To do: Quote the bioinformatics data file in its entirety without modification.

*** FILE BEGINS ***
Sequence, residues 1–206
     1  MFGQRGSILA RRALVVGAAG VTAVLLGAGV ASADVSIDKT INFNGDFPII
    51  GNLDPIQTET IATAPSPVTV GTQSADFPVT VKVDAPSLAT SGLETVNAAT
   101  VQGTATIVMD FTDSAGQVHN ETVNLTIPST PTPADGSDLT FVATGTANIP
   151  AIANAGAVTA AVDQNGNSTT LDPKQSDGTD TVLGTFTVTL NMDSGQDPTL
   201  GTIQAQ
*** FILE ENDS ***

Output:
Sequence, residues 1–206
     1  MFGQRGSILA RRALVVGAAG VTAVLLGAGV ASADVSIDKT INFNGDFPII
    51  GNLDPIQTET IATAPSPVTV GTQSADFPVT VKVDAPSLAT SGLETVNAAT
   101  VQGTATIVMD FTDSAGQVHN ETVNLTIPST PTPADGSDLT FVATGTANIP
   151  AIANAGAVTA AVDQNGNSTT LDPKQSDGTD TVLGTFTVTL NMDSGQDPTL
   201  GTIQAQ